6 pathways to endless inspiration.
Throughout my career, I have believed that “always learning” is the most important ingredient to growth — both personal and organizational. Always learning thrives on curiosity, wisdom, wonder and an open mind that doesn’t shut. It uniquely involves both sides of our brains — the practical discipline that modern business thrives upon and the imaginative spirit that brings that business to life. This isn’t an easy task, because to do it well, one must always be failing, reflecting, rebuilding and improving. This can be a lot to ask — especially for those of us married to habit. A little self-reflection and honesty can help prop open that “door-stopper” in your mind, keeping it open to learning new things.
Always learning is Bader Rutter at its best. We promote it, live it and breathe it — at work and outside it. And the benefits are worth it: Unlocking the learner in you will bolster your creativity, confidence, passion and drive. It’s certainly what drives us to do more. We hope it’ll drive you to do more too.
On board yet? If you’ve accepted the challenge of becoming an “always learner,” here are some lessons I’ve learned along the way that might help you on your path to endless inspiration:
I like to learn from contemporaries and peers. All are in the thick of leading businesses and large teams. I recently received advice from a CEO peer about navigating the current pandemic. He strongly feels that during times of uncertainty, we need to stay even more connected with our employees. As leaders and managers, we need to acknowledge the unique perspectives of every employee. Also, he believes employees need to hear from their team leaders and the C-suite frequently. Why?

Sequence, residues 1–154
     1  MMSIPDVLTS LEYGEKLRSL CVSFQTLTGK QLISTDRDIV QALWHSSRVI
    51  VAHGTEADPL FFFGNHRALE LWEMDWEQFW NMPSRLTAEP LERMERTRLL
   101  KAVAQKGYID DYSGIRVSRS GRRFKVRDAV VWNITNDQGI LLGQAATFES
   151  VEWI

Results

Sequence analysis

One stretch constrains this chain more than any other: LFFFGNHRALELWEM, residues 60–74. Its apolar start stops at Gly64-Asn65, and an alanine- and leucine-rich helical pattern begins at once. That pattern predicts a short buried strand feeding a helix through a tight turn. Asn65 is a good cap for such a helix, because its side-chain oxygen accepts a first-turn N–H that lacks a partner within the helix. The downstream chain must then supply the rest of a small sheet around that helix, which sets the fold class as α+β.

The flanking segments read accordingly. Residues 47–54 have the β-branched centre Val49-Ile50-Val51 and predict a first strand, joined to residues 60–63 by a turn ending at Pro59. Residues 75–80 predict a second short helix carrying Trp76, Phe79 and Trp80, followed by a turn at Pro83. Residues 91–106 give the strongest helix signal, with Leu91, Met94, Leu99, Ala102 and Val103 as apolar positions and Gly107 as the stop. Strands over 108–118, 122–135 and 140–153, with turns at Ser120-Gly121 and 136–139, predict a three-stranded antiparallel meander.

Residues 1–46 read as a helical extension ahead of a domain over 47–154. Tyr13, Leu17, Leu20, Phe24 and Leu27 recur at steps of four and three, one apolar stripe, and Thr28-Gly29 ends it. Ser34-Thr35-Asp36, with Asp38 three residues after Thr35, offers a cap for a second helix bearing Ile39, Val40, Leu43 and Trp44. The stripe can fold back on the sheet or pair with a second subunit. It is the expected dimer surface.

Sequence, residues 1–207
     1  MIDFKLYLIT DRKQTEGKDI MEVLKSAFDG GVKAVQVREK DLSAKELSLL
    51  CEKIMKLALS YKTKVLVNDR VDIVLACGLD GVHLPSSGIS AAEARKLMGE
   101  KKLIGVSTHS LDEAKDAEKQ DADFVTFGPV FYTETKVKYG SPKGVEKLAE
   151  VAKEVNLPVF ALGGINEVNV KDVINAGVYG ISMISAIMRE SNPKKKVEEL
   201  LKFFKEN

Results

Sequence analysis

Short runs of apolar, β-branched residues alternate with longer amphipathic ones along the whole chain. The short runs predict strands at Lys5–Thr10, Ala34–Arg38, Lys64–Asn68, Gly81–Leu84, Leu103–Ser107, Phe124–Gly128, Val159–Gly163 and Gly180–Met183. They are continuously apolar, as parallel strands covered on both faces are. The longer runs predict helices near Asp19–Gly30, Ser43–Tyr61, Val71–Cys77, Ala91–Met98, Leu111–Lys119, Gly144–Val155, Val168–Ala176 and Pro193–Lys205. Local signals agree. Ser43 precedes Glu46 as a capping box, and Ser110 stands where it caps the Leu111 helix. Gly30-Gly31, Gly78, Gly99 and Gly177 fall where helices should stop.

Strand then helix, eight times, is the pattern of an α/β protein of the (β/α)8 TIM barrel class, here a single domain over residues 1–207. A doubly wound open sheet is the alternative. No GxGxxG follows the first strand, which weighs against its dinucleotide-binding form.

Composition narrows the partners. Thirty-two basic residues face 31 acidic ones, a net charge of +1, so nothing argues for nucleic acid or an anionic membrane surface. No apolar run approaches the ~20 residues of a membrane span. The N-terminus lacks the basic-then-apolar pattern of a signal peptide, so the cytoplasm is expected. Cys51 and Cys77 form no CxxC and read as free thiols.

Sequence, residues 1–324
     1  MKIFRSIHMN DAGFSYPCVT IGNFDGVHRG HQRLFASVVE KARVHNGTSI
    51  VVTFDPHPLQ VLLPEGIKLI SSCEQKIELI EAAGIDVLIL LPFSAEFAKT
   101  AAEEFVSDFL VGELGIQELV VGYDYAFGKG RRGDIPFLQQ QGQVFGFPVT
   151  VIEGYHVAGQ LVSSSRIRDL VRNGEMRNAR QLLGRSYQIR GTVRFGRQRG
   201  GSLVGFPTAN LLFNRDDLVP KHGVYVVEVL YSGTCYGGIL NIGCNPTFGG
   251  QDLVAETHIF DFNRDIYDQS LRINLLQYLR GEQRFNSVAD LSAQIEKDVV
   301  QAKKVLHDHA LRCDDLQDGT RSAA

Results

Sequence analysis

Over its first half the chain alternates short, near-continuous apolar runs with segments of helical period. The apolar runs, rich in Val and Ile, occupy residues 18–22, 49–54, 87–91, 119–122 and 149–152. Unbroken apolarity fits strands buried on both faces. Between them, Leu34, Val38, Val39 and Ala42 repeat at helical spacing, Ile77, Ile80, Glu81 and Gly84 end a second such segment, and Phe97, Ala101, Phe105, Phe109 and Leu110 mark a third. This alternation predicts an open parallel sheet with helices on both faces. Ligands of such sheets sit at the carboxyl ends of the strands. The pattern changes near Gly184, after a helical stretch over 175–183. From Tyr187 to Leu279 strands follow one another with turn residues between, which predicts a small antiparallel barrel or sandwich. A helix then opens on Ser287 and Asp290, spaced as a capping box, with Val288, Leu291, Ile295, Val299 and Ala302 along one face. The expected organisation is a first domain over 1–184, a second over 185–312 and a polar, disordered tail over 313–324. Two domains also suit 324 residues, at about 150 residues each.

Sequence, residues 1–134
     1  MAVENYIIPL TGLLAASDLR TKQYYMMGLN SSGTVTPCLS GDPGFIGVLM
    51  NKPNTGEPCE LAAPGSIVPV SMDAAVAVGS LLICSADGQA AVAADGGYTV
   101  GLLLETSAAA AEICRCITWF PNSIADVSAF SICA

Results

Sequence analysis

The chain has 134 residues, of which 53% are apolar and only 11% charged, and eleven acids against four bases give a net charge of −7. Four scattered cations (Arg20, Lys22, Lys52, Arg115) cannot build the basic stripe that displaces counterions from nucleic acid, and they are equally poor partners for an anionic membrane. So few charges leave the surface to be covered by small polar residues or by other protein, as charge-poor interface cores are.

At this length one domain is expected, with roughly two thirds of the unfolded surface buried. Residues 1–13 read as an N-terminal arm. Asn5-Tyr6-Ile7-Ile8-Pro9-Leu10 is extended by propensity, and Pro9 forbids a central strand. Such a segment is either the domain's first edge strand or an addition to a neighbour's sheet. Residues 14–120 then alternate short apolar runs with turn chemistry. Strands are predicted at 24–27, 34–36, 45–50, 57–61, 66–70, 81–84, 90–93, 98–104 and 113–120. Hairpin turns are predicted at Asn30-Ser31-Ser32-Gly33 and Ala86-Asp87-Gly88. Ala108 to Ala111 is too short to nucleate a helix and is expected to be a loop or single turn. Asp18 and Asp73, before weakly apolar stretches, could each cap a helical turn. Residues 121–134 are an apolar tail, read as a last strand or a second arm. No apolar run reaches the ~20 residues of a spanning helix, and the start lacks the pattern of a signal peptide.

Simply put, businesses don’t run from the top down anymore. Neither does life. Both involve living, breathing people motivated by an idea that drives them forward. If that motivation falters — if leaders fail to communicate a vision of empathy and commitment to success that speaks to their employees — then the business itself is running on borrowed time. I took this advice to heart and have upped my communications to the agency.
Clients can be wise, thrifty, motivated and skilled. Their backgrounds forge perspectives different from ours. We in the agency are built to counsel, to serve; while most clients are built to sell, engineer, manufacture and market. In a good partnership, these traits complement each other. As a young professional, I once received excellent advice from a more experienced client. It was about sales, something I had little experience with then. She shared a story about being courteous and conversational with those people surrounding her key customer contact at the company she called on. She told me — and I listened and learned — that building relationships with these team members served her well because they could be either willing or reluctant gatekeepers to her main contact. She sought to keep them in the willing category.
Keeping your finger on the pulse of your company often means learning from your employees. Having meaningful conversations with them draws you closer to what’s important to clients and your culture.
Last year, we had a tough policy decision to make. Our management team wanted to go in one direction, but a small team of passionate employees wanted to go in another. One simple meeting with the team of employees and digging deeper into the team’s point of view resulted in us following their recommendation. We had to be open, listen and be willing to learn from those less experienced, but better informed than us.